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by Dr. Boyce Watkins
“Loving yourself is paramount, no matter what shape, size or color you are. I call it being flawsome: you + your flaws + awesome = flawsome.” These are the words from the great Tyra Banks, who is set to grace the cover of Cosmopolitan South Africa next month. Tyra is an awesome role model for almost any young woman, since she preaches that beauty must be accompanied by brains and high self-esteem to make our girls successful.
Variety is reporting that Tyra is going to star in a sequel to the made-for-TV film, “Life Size.” Banks appeared with Lindsay Lohan in the film back in 2000. We doubt that Lindsay is going to be in this one, since she is too busy being arrested. The film involves Banks coming to life as a massive doll for Lohan, after the little girl tries to use voodoo to bring her mom back to life.
Doesn’t this remind you of the Richard Pryor classic, “The Toy?” In case you’re not old enough to remember this classic film, “The Toy” was yet another case in which a black person was presented to the audience as a play thing for a little white child. Of course, the black character always brings “spice” to the household, the same way nannies did on old southern plantations 150 years ago. For some reason, having the large negro sidekick is a lasting tradition in Hollywood.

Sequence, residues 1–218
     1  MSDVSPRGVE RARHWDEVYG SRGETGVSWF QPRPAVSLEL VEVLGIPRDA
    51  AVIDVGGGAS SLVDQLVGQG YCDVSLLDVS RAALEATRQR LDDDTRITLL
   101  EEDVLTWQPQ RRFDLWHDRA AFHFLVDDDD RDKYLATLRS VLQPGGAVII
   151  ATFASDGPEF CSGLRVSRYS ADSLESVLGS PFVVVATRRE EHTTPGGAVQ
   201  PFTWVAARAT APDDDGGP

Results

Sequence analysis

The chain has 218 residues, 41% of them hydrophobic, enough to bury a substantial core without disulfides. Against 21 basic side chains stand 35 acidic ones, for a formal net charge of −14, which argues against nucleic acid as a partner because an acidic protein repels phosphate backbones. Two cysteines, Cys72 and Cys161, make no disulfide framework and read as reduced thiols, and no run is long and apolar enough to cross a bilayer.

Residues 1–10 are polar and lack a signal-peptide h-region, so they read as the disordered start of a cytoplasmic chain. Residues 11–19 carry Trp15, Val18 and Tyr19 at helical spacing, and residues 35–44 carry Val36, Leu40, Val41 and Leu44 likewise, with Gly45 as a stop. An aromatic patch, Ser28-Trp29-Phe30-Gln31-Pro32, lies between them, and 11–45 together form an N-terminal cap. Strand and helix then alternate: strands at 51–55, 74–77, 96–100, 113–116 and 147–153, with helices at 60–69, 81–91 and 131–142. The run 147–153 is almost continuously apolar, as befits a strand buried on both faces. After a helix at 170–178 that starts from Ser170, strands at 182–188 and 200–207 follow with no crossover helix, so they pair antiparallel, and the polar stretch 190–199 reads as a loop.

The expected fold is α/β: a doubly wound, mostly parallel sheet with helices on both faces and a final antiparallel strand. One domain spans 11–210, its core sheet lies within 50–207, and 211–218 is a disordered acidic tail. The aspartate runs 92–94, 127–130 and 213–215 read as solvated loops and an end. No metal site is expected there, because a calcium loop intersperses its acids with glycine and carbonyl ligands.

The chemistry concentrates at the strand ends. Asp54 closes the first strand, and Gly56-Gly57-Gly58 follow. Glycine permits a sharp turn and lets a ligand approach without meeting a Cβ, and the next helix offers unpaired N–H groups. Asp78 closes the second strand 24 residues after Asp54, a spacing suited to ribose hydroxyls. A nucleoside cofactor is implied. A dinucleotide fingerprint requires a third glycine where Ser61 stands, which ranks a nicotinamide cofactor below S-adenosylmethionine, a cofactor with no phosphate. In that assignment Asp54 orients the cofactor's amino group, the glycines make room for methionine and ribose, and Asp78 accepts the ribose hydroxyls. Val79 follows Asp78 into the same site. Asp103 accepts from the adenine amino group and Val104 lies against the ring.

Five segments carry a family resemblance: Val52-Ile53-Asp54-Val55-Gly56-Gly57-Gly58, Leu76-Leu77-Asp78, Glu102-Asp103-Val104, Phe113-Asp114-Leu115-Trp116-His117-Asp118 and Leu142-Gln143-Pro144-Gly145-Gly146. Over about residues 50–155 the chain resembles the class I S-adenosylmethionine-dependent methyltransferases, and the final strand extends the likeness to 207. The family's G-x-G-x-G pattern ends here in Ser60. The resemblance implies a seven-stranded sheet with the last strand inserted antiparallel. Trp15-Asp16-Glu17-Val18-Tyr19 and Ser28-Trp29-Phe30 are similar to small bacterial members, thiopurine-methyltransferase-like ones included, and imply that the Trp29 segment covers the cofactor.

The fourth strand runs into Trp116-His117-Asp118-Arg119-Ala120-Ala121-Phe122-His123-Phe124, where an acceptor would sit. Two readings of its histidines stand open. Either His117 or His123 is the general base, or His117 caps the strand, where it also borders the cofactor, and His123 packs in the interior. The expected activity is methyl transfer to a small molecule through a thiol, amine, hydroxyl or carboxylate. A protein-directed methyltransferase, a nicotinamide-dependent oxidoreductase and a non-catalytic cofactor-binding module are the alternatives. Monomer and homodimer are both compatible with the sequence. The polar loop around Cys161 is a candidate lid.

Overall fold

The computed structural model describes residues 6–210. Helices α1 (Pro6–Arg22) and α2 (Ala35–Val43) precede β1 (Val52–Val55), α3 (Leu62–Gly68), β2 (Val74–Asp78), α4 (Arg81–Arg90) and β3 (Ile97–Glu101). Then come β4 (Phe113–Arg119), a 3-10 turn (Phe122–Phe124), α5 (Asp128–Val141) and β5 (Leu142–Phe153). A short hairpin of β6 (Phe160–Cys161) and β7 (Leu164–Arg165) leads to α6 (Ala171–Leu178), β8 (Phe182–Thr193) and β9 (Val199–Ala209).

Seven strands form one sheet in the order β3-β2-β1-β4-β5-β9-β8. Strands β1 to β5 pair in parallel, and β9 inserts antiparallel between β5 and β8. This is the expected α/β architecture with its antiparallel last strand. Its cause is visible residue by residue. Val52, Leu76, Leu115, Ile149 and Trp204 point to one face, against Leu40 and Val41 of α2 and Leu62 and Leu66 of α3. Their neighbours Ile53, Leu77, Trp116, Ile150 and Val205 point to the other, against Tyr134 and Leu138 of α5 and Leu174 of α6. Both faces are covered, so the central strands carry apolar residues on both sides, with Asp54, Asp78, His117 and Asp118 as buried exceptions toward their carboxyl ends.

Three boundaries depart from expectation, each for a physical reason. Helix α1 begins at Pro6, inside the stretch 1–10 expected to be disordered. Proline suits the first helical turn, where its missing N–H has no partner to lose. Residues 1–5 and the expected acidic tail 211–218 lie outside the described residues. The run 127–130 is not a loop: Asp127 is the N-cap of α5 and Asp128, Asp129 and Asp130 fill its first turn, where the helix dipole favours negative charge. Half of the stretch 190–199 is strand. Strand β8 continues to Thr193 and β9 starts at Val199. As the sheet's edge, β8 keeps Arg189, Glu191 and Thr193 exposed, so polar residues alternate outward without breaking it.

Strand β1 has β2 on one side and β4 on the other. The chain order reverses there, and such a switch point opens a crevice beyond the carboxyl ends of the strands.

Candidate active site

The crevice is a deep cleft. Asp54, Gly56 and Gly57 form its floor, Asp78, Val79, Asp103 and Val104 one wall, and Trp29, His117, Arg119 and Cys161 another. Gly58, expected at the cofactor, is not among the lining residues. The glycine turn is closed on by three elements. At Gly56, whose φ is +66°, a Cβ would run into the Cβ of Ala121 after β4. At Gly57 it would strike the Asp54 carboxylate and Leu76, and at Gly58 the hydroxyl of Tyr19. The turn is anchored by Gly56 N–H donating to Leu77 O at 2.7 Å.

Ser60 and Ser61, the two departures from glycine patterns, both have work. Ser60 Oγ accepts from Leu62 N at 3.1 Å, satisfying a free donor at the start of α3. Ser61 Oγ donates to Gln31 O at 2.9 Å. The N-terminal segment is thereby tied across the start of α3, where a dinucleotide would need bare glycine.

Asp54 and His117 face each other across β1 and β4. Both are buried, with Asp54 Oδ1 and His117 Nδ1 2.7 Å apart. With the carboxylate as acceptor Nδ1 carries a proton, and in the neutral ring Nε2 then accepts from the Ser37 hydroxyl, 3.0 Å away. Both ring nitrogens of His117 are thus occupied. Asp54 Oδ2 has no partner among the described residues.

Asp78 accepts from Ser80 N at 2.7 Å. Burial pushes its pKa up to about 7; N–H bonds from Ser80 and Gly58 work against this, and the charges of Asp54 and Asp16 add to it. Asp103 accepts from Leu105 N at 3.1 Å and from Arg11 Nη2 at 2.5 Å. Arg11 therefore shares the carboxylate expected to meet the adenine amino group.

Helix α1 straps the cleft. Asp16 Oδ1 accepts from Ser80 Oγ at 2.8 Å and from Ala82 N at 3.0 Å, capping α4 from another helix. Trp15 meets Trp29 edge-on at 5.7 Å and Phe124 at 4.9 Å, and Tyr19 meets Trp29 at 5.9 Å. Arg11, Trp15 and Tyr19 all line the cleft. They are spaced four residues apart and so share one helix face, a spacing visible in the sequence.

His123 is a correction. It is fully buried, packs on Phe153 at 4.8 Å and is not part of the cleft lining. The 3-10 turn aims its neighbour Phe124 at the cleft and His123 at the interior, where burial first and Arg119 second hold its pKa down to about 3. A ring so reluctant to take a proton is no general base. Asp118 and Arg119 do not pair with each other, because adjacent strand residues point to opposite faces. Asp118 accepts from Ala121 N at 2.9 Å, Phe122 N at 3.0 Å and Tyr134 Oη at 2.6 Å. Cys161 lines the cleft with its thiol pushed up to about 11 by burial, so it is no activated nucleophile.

I’m not one to say that Tyra shouldn’t take the role, since I expect she’s being well-compensated for it. But I have to admit that I’m not all that comfortable with white kids using black people as toys, dolls, cartoon characters or hand puppets. I also wonder if these films would be as entertaining or successful if a white person were playing the sidekick to a black child. Kind of tough to picture that one, isn’t it?
Of course these thoughts are not meant to demean Tyra in any way, she’ll always be among my top ten most beautiful women on the planet (behind my mother, grandmother, daughters, sister, and girlfriend, of course). But maybe these roles give us something to think about and also teach us about ourselves as a racially-damaged country. Portraying black people as caricatures hardly presents America as a post-racial society.